For me, getting bogged down in platitudes like closure and journey do a significant disservice to both the wonderful 35 years I had with Bunny and to the possibilities that await me as I start my next chapter. I’m finding that thinking of my existence as a series of chapters in an on-going life more accurately describes how I view the world and aids in my ability to get past the bad stuff and keep on living. I can look for closure or I can go on to the next chapter, where the next part of my life is awaiting me. So I’m turning the page, excited to see what is in this next chapter, but remembering every detail of the story line that I’ve already read.

Friday, August 5, 2016

Counting Days

I no longer say “my wife died (5,6,7,etc) days ago”, now it’s “a few months ago”. And before too long it will be “last year” and then “several years”. When I first realized I was saying “a few months ago” it sounded cold & unfeeling to my ears, as if I didn’t care that much or that her death was somehow much less important now. But that’s not it at all. I think a few things happened that started to change my approach to mourning, and in turn, affected my telling of her passing and my outlook on life.

First, folks are just not interested in hearing the specifics of Bunny’s death; it’s easier to say “a few months” and it’s easier for folks to hear that. Although the actual # of days at first seemed VERY important to me, no one else cares for that type of specificity.

Second, no matter whatever else may be going on, one thing I can be positive about is Bunny isn’t coming back. No amount of praying, crying, begging or onerous date counting is going to change that. So why am I making myself crazy, tracking every single minute/hour/day that she isn’t here? What do I gain from that?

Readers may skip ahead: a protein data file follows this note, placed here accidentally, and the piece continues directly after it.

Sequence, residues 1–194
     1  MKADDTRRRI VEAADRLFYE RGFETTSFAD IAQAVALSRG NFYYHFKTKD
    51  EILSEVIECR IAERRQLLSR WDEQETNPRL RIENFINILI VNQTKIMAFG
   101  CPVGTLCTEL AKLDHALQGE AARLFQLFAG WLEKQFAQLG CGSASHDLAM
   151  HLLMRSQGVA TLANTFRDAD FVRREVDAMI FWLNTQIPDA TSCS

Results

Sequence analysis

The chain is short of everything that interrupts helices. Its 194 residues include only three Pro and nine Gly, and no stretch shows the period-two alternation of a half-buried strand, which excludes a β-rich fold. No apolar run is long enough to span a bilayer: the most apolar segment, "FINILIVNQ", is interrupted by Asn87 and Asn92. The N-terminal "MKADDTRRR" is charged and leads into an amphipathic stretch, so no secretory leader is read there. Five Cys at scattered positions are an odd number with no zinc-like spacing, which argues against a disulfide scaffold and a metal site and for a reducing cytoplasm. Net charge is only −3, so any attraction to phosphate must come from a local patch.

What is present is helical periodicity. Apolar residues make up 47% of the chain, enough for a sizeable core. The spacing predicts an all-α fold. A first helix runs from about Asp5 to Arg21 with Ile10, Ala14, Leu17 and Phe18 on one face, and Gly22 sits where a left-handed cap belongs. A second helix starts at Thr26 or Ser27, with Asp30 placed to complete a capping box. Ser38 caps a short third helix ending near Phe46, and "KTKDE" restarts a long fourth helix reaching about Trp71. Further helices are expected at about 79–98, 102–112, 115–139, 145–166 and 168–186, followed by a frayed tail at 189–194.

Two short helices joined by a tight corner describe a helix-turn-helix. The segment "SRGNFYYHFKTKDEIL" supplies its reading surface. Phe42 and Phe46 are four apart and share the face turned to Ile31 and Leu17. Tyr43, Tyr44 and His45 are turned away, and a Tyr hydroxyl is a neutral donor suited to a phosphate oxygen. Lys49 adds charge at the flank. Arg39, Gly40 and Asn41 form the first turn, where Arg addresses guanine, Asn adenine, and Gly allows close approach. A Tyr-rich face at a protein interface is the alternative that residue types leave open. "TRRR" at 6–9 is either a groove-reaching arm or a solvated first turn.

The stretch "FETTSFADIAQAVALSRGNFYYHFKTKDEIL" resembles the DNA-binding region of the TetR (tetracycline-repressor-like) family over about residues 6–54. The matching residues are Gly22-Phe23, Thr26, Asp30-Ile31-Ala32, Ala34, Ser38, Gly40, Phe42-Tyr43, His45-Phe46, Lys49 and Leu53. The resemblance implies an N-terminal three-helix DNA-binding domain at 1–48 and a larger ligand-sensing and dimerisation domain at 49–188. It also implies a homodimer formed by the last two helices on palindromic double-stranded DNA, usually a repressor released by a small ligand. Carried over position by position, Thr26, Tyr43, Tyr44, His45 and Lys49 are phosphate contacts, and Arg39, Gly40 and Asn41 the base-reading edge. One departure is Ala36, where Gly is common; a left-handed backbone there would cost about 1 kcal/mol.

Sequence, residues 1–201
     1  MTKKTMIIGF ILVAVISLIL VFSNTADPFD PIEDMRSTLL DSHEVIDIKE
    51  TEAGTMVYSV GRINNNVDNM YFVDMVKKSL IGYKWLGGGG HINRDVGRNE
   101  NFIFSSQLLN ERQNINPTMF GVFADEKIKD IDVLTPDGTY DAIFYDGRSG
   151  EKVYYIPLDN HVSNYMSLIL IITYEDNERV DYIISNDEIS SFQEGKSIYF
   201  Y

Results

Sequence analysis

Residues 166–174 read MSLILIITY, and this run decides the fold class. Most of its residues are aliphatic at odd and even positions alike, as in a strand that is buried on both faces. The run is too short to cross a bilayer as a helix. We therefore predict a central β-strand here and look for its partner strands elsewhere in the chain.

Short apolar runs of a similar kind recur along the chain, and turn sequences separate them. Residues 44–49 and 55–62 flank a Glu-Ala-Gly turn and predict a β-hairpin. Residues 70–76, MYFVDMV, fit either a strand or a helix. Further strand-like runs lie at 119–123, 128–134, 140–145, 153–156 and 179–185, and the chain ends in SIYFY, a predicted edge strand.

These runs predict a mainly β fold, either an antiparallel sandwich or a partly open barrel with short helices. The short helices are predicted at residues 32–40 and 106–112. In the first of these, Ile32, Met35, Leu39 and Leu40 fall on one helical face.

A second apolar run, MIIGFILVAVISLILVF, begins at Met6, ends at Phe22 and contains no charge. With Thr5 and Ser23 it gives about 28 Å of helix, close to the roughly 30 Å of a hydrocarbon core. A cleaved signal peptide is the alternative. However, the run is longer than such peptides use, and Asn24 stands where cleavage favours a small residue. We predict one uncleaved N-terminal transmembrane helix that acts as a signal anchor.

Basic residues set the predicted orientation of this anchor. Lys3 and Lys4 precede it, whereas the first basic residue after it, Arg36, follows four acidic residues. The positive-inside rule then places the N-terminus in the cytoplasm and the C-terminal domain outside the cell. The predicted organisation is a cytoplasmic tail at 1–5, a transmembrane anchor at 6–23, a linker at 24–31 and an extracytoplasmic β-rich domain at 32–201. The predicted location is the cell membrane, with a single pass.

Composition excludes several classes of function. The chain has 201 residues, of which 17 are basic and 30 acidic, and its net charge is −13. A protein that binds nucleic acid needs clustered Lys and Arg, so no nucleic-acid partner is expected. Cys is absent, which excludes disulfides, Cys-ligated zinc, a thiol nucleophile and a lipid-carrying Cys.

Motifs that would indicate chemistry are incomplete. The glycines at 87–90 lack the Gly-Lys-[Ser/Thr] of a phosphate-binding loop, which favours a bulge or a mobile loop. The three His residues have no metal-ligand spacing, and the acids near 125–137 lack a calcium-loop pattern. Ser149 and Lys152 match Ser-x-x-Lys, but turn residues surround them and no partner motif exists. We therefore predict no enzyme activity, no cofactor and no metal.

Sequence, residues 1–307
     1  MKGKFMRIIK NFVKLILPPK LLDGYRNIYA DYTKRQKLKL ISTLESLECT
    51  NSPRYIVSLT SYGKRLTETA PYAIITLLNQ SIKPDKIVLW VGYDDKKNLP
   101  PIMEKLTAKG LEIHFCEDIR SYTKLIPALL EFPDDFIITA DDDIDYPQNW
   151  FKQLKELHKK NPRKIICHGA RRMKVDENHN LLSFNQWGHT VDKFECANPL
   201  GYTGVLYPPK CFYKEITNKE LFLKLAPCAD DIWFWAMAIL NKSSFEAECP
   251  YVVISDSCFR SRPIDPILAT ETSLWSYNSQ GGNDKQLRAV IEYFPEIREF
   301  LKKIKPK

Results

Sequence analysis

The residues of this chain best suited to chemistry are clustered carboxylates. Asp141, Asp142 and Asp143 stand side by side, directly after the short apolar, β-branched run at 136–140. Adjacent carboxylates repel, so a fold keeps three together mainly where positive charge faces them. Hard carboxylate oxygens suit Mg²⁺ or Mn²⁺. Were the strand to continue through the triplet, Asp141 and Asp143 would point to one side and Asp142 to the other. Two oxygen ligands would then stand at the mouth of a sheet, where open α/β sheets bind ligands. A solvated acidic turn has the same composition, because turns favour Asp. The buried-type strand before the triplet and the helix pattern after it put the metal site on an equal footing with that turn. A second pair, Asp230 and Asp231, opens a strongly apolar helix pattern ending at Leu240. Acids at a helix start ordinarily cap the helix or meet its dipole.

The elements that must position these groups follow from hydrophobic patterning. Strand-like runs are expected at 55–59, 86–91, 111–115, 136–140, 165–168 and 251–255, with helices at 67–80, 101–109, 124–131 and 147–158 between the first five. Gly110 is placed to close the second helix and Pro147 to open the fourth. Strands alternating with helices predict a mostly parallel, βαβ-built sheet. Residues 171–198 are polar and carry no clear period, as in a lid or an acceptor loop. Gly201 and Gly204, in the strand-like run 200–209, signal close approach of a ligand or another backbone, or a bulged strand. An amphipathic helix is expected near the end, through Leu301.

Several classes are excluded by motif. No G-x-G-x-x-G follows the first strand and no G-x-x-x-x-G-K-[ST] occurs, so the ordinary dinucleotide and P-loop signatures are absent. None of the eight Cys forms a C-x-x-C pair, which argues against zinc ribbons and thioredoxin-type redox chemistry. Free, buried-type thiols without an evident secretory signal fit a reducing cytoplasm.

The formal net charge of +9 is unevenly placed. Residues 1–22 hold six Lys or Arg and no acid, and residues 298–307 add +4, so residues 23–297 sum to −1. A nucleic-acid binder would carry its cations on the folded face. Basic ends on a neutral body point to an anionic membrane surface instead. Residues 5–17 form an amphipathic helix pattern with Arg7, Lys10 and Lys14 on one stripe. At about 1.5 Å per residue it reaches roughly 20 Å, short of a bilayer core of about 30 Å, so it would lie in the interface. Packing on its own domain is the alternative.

And last, Bunny would have hated me performing such a countdown (countup?) ritual. In my case, and I know not everyone has this situation, we knew this was going to happen. Maybe not to the specific day, but it was clear over the last year of her time with me that Bunny would die. She was never, ever going to get better. So what is the purpose of continuing the pain of day counting? Bunny would be furious with me for doing that.

I’ve allowed myself to come back to the world of the living, a place where people don’t care how many days Bunny has been gone. This is not to say that they have a callous disregard for her, it’s just that they don’t need to know it’s a certain amount of time. I’ve learned a lesson from them … I don’t need to dwell on that, either. Having a laser focus pointed at the past, just to be sure I’m exactly positive how long it’s been since my life went awry, serves no purpose for me, either.

Coming back to the world of living I’ve begun to see things differently. Now, nearly two years after Bunny’s health started that downward spiral and one year of waiting for her to die, I don’t face a dark cloud of looming death every day. While it at first felt selfish, I now realize that my being completely miserable because my wife died serves no purpose other than to feed that misery. I cannot fix what has happened, I cannot bring Bunny back.

So now, in the “few months” since my wife died I have emerged a newer, possibly better, person. I look at the good things that surround me instead of the darkness of my loss. I reflect on the huge number of positive impacts Bunny made in my life and I’m grateful for them, rather than regretting she is no longer able to contribute anything. I have developed a new friendship that is becoming more than just a friendship and I’m starting to smile far more often than I did for the past two years.

I know exactly how many days it has been since Bunny died, but I’m not dwelling on that any longer. And I don’t want to count that any more, unless someone can give me a good reason why I should.